While most of us succumb to the routine of picking out delicious vegetables at the local grocery store or farmer’s market, we may not realize the plethora of “unusual” fall vegetables exist outside our locality.

Many strange, yet delicious ones exist that can add flair to any holiday recipe. Access to these vegetables is limited, but not impossible.

Most of these outrageous varieties can grow in our region and seeds are available for purchase online.

Romanesco Broccoli: Originally known as the “broccoflower,” this beautiful bright green variation has been deemed stunning due to its intense swirls of green spiky peaks. Romanesco broccoli is similar to the cauliflower and can be eaten raw, steamed or grilled.

Black Radish: Want to wow your guests at the holiday dinner party? Black radishes are an eye-catching addition to any vegetable dish or salad. The skin is crisp and black while the inside of the radish is sparkling white.

The skin can be removed, if needed, as on occasion this variety can be quite bitter for some. Black radishes require direct sunlight and take longer to grow.

Blue Potato: The striking blue-purple color of this potato will definitely make any mashed potato dish impressive and exquisite. Known as the Adirondack potato, the deep color of the potato’s skin comes from anthocyanin, similar to blueberries.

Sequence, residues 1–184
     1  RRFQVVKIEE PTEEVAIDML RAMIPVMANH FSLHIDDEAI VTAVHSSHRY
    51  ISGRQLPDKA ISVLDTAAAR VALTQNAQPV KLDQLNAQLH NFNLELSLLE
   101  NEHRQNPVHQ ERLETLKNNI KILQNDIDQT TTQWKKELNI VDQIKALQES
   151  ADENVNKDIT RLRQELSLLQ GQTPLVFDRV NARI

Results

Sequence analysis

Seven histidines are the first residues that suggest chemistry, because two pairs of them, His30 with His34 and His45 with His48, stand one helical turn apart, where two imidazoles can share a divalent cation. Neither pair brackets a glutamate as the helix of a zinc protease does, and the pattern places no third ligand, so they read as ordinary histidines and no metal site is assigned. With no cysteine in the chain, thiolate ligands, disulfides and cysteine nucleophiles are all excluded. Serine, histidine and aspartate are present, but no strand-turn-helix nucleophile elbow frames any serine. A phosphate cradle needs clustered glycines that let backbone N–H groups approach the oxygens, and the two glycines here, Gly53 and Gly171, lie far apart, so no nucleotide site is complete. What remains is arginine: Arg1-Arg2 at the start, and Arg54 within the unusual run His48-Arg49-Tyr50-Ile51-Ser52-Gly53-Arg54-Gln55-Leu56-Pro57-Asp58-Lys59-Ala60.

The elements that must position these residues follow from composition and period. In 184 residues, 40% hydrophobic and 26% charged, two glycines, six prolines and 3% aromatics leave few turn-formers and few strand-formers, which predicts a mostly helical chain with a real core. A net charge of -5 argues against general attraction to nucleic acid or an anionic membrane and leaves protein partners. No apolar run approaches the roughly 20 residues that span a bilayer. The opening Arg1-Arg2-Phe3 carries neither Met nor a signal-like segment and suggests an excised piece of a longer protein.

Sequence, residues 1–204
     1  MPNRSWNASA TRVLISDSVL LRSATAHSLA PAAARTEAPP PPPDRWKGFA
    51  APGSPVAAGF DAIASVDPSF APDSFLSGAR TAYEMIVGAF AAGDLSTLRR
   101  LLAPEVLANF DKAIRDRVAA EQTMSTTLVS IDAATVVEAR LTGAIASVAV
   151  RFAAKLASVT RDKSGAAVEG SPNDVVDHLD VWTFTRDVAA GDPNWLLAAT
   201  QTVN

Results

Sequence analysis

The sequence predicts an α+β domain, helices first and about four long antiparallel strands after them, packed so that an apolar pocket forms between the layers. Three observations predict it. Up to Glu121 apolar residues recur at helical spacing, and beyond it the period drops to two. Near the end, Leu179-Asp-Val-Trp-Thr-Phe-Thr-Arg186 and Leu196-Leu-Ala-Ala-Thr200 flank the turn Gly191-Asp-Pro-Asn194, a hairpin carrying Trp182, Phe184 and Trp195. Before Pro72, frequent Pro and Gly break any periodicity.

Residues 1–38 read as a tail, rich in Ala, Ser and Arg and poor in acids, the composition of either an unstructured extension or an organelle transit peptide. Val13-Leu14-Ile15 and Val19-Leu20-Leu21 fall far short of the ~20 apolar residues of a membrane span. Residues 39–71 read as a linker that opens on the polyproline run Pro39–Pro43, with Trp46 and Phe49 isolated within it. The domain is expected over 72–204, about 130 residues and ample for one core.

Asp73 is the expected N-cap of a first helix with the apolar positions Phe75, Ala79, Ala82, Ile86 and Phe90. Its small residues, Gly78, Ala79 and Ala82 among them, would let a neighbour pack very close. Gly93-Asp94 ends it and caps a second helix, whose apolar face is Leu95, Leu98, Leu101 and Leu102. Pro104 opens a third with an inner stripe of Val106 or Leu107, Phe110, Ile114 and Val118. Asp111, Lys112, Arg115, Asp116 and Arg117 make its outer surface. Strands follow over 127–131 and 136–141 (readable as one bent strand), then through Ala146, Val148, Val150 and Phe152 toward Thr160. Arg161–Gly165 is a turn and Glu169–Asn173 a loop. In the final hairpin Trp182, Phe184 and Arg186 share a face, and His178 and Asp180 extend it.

Blue potatoes can be cooked and served the same as “regular” potatoes and taste similar.

Achocha (aka “fat babies”): A native of South America, this vegetable is a bright emerald green pod with edible soft spikes. The taste of the achocha is a flavorful blend of cucumber and green bell peppers and can be used in salad, stir-fries and casseroles. These vegetables do best outside and will grow in abundance.

Kaleidoscope Carrot: This carrot can be called a “rainbow carrot” as well due to the combination of colors and unique pattern of each carrot. Most kaleidoscope carrots have yellow, purple and red which can turn the typical salad into a conversation starter at any party. These carrots taste the same as their orange counterparts and can be eaten raw or cooked.

Carey Stites is a certified personal trainer, group fitness instructor and a Registered Dietitian with a master’s degree in nutrition. Carey is currently the Registered Dietitian working with Wellstone in Harker Heights. Contact her at carey.stites@smchh.org.

(0) comments

Welcome to the discussion.

Keep it Clean. Please avoid obscene, vulgar, lewd, racist or sexually-oriented language.
PLEASE TURN OFF YOUR CAPS LOCK.
Don't Threaten. Threats of harming another person will not be tolerated.
Be Truthful. Don't knowingly lie about anyone or anything.
Be Nice. No racism, sexism or any sort of -ism that is degrading to another person.
Be Proactive. Use the 'Report' link on each comment to let us know of abusive posts.
Share with Us. We'd love to hear eyewitness accounts, the history behind an article.